Setup of the evaluation

Our evaluation setup is based on the findings in the book Designing for interaction: Creating smart applications and clever devices by Dan Saffer. According to our interpretation of the book the following research and prototyping steps should be taken:

  • at least one Hunting statement is to be formulated,
  • On that basis a Prototype should be created,
  • A research survey is to be set up,
  • The survey is taken by our target group,
  • The results should be processed and conclusions drawn.

 

Research questions

Research questions are to be formulated as hunt statements. A hunt statement is a good tool to narrow down what to research and why. The more specific a hunt statement is, the better (how better it narrows down).

Our hunt statements should be about the adequacy of our information, both textual as well as visual. Does our website inform the visitor enough so that he understands the meaning of the project and the actions he should take? Is the website clear enough so that the user is able to navigate through the most basic steps to find information?

The following two hunt statements can be formulated:

  • We are going to research the information on our website so we can improve the understanding of our project.
  • We are going to research the basis of our website lay-out so that we can improve the understanding of our website and thus of our project.

 

The study

The shape of the study was that of a survey taken orally supported by an investigator. The subject took a survey with open questions on which, if necessary, the researcher provided additional information. This was especially the case with the part of the situation sketch. The subject had the opportunity to express its views and responses to the researcher. Subsequently the subject was also asked about his or her opninion, and there was room for discussion about the project, the survey and its content. Especially during this a lot of useful information came up to consider. Of course also some errors and ambiguities in the survey came up. All in all, survey lasted 30-45 minutes.
Open questions were chosen because of the nature of what we wanted to find out. The open questions and their answers, comments and discussions were the most useful tool to get information about effectiveness of the information flow.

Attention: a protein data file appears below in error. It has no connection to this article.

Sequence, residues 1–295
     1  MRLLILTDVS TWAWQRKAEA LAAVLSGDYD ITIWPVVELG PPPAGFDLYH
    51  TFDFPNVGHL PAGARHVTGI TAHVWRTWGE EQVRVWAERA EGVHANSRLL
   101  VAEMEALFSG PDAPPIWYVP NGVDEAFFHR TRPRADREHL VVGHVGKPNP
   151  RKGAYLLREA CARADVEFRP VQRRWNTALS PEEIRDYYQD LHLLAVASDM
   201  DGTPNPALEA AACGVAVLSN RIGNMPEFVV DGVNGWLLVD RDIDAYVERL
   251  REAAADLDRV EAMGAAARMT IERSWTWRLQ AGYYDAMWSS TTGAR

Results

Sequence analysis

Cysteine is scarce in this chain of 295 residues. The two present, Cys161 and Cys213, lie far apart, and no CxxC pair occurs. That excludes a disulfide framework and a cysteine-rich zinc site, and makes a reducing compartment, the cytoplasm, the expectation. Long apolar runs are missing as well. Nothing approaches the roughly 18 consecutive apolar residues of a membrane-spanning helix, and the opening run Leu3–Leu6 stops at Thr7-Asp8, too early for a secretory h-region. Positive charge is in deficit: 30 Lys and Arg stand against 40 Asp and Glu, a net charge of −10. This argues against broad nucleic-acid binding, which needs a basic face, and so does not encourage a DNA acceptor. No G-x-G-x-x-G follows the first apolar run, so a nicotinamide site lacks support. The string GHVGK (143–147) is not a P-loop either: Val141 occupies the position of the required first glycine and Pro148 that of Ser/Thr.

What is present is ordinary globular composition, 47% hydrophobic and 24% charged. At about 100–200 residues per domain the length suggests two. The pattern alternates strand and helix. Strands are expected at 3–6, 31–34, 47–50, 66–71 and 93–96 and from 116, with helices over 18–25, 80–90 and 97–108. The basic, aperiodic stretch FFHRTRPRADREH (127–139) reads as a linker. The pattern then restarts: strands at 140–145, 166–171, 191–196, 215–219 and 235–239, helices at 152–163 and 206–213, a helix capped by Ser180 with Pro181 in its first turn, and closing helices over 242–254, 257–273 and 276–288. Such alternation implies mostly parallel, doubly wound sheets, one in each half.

The number of subject got stuck at 3 due to time constraints. However, they were varied 3: a man of 55 + (person 1) and one female student (21 – person 2) both not from Delft. The third person was a male student from Delft (23 – person 3). What was interesting that the non-Delft persons made comparisons with similar situations and projects in other cities (Maastricht, Utrecht).

Conclusions:

  • At certain point individuals 1 and 2 became uncertain about the words ‘active’ and ‘resolved’ (‘actief’ and ‘opgelost’) on the ‘rabbit page’. First they thought that a rabbit appeared when active uneasiness would and once the uneasiness was solved the rabbit would disappear. initially it was not clear when rabbits are active and when they would disappear.
  • The information is missing that rabbits are actively placed in the streets.
  • Person 2 and 3 were wondering how much time sat between the rabbit placing and its disappearance (make way for work).
  • It was noted that you can upload pictures, but could they also be downloaded? (no download button).
  • The title ‘train rabbit’ (‘treinkonijn’) strongly suggested it only involved train travellers according to individual 1.
  • All individuals understood clearly that when they took part in the online discussion they were thinking and talking about the uneasiness and their solutions.
  • During the whole survey individual 1 continued to doubt about whether he did understand exactly what he should do during the project.
  • Both persons 1, 2 and 3 thought that the rabbit is the only form of communication of the inconvenience of the building activities to the outside world. 3 person noted that it would be annoying if you had to look for rabbits in this situation. Person 1 missed an overview in this situation.The map was interpreted by individual 1 and 2 as the place where the nuisance is resolved.

Final conclusion: from the different conclusions of the study can be concluded that the information about how the project functions is inadequate. What is striking is that links in the project are certainly understood, but the overview is missing. This has the consequence that the significance of links may be distorted. For example where person 2 first realizes that rabbits represent future changes, but this alters after seeing the rabbit page. The person then concludes that the rabbits represent current construction and that they will disappear when they are “resolved”. A structured and clear explanation of the project is desirable, at least improvement of the current information flow.

Conclusions about the survey

  • the use of the word passengers (reizigers) in combination with in the images of the brochures and poster gave the impression the project is only about train travellers, accorind to person 1.
  • Person 1 and 2 were both strongly inclined to comment on the functionality of the posters and flyers after seeing the pictures of it.
  • The paper survey is not the proper means to test the functionality of the layout of the website. Only person 3 had almost all the buttons and interactive features correct. The comments about not being able to intuitively explore the site indicate that there is a lack of an interactive prototype.

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